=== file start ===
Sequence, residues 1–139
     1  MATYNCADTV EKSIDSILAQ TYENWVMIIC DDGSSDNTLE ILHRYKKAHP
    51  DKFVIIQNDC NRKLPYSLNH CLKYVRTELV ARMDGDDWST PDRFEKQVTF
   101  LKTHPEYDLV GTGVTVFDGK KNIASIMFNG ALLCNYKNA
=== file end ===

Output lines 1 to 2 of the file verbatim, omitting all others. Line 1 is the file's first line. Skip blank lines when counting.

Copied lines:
Sequence, residues 1–139
     1  MATYNCADTV EKSIDSILAQ TYENWVMIIC DDGSSDNTLE ILHRYKKAHP